Baltimore. Yep, thanks to The Wire, that’s just made you start thinking of shootings, gangsters, and crime in general. LUV, a story about an uncle and his eager nephew, is about exactly that too – surprise.
Vincent, a recently released con (Common) is back in town, and trying to start up a new business on a clean slate. His whisks his nephew (Michael Rainey Jr.) away from school one day, and together they delve into his uncle’s past – long-gestating grudges and a lot of owed money await them. LUV never feels like your typical crime drama, though superficially it always appears like one.
The dark beating heart of the story makes for splendidly inventive set pieces in LUV. In one instance, Vincent and Woody must carry out a seedy swap with a mob of drug dealers. However, they are afraid they’ll recognise Vincent from his past days; they decide on a ballsy move, which involves a simple yet effective idea that gets them through it. Just. The script is full of ideas that turn particular tropes of the genre on its head, but never enough to make it feel anything but a crime-come-redemption movie. For a man portrayed as a narcissist, we come to respect Vincent as a very flawed but ultimately forward-looking fellow human being.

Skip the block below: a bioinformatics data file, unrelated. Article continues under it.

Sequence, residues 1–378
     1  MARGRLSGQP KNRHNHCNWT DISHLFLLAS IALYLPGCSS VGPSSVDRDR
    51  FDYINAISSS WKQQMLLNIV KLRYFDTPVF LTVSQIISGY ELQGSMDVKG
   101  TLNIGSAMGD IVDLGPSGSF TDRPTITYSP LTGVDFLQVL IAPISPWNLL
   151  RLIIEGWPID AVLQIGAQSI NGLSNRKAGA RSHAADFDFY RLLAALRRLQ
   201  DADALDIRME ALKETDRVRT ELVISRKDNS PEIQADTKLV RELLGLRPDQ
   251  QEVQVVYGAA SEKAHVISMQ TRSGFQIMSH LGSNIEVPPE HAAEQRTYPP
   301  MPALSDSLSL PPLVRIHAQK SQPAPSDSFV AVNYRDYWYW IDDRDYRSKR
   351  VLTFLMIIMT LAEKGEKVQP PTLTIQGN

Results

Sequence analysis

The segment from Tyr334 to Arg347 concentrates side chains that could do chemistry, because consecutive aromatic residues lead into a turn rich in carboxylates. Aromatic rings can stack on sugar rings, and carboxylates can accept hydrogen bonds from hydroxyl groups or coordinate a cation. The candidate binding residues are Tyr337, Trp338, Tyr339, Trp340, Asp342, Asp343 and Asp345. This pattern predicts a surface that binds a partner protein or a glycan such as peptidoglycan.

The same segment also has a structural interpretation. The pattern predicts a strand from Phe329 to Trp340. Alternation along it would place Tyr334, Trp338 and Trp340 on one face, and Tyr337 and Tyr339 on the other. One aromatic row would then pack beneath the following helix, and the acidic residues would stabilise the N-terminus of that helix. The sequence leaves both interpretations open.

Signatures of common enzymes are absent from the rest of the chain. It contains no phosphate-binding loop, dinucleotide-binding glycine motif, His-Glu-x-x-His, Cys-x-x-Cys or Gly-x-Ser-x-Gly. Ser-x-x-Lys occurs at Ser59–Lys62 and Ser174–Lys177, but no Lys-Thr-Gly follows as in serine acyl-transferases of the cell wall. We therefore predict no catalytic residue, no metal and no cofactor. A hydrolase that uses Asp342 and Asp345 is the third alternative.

However, LUV never fully pays off on the scope promised by the opening dream sequence and ethereal ambiguity, but it’s still beneficiary to have that extra layer – though thin – of thematic gravity running beneath the much more linear storyline. Another positive is the inclusion of some fantastic music; well-chosen instrumentals bolster the more affecting scenes: while you may have generic gangster rap playing in your head during the violence and snappy colloquialisms of Baltimore, that stereotype is offset by the inspired inclusion of music from the likes of Icelandic post-rockers Sigur Ros.
Despite all its surface jazz, LUV is a very different movie underneath. This is what makes it feel rather special; no matter what clichéd situation the unlikely duo find themselves in (the drug-dealer’s apartment stand-off; the double-agent family member), the two’s on-screen relationship remains the basis for everything else to bounce off. Rainey Jr.’s performance is a revelation for child actors; he provides the bedrock for us.
Essentially an alternative coming-of-age tale, LUV is occasionally powerful, occasionally incomprehensible, but consistently compelling. As Dennis Haysbert’s character declares, ‘America ain’t a country. It’s a company.’